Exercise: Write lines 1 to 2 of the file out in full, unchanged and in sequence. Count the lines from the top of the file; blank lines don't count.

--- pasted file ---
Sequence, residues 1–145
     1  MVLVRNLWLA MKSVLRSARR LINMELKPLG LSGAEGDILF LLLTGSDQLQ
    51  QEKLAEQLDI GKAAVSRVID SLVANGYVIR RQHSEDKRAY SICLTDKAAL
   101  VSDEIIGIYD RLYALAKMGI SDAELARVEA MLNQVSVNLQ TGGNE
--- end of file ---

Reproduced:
Sequence, residues 1–145
     1  MVLVRNLWLA MKSVLRSARR LINMELKPLG LSGAEGDILF LLLTGSDQLQ